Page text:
Tight inventory, which has plagued the Chicago and national real estate markets for a few years now, keeps getting tighter in mid priced suburbs. Tightest among them are Glendale Heights, where the supply of homes on the market at the end of February was enough to fuel just 1.4 months of sales, Elk Grove Village (1.5 months) and Bolingbrook (1.6 months).

They’re among 10 Chicago suburbs that ended February with less than two months of inventory on the market, according to a report from Midwest Real Estate Data released last week by the Chicago Association of Realtors. A rule of thumb in real estate is that five to seven months of inventory defines a balanced market, and below five, the advantage shifts to sellers.

The data is reported differently for the city, so it’s not possible to include Chicago neighborhoods in this list. The city market overall had four months’ inventory on hand at the end of February, according to the Realtors association. Crain’s rough estimate found that inventory is below two months for attached homes (condos and townhouses) in North Center, Logan Square, West Town, Lincoln Square and Lakeview.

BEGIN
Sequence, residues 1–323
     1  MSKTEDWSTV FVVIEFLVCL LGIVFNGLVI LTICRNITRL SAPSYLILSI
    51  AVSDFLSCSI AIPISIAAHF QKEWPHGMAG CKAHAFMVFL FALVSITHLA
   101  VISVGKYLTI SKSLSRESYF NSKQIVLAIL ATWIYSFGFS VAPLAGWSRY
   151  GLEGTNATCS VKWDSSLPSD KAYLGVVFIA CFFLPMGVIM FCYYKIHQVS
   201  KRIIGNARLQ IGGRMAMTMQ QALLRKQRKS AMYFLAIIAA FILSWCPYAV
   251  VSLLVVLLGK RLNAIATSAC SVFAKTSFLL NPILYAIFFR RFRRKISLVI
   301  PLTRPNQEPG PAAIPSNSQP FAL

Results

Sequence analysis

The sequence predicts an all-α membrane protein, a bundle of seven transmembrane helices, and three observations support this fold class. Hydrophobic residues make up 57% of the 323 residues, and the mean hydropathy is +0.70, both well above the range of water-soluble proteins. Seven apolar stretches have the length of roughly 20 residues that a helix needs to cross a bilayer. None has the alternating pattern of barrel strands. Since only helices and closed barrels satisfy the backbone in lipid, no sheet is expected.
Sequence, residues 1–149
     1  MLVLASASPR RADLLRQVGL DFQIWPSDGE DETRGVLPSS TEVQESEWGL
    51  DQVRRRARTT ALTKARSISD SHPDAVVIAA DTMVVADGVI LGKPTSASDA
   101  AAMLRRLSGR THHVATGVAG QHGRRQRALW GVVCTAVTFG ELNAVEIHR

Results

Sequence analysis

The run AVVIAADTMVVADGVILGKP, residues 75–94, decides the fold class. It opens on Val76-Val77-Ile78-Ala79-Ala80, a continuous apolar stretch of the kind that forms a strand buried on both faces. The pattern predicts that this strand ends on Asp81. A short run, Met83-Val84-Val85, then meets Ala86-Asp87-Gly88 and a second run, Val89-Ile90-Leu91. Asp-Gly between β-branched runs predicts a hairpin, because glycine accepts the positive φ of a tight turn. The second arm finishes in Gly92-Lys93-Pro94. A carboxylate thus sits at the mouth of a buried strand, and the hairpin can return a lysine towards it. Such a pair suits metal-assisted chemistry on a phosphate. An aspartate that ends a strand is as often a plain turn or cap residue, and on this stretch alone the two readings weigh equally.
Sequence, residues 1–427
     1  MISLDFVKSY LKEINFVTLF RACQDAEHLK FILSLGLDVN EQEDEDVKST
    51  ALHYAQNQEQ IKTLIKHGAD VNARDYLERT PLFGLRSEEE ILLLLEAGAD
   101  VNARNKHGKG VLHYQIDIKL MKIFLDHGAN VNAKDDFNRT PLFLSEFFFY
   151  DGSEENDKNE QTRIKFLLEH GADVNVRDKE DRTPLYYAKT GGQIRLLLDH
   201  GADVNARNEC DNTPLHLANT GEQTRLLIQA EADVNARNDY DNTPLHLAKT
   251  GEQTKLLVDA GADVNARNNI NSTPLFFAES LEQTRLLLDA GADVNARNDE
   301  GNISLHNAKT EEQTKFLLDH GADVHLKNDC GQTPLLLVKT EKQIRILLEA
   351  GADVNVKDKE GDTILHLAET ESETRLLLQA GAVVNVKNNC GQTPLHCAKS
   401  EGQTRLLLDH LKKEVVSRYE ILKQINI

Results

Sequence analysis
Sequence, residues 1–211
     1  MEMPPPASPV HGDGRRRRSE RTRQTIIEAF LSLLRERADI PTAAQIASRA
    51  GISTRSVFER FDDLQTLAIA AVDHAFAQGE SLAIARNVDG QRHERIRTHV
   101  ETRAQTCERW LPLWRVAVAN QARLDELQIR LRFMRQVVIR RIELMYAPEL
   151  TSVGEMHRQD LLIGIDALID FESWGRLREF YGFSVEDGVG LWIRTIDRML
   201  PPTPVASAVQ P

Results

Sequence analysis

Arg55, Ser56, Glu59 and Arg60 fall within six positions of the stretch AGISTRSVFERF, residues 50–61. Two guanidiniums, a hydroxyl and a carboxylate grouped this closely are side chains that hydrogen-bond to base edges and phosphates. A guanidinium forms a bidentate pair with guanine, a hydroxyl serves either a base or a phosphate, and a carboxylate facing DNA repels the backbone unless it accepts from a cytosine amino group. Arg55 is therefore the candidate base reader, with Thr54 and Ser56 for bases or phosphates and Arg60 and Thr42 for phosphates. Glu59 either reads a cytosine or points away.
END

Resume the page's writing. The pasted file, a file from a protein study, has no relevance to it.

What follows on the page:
At this time last year, the suburbs with low inventory were all above two months; now at least 10 have dipped below that line. (Suburbs with fewer than 20 sales in February aren’t counted because their numbers are so small.) In all except Waukegan, the median price of a home sold in February was between about $164,000 and $275,000, not far off from the region’s median price. The median home sale price in the nine-county metro area was $210,000 in January, the Illinois Association of Realtors reported last month; the February figure will come out this week.

In higher-priced suburbs, the problem is the opposite: too many homes on the market. In Hinsdale, Highland Park, the Barrington area and Lake Forest, at least seven months of inventory is available, topping out at 11.7 months in Lake Forest. Each of these towns had a median sale price in February of $457,000 or more.


Read more of this article by Dennis Rodkin: http://bit.ly/2sXjHfV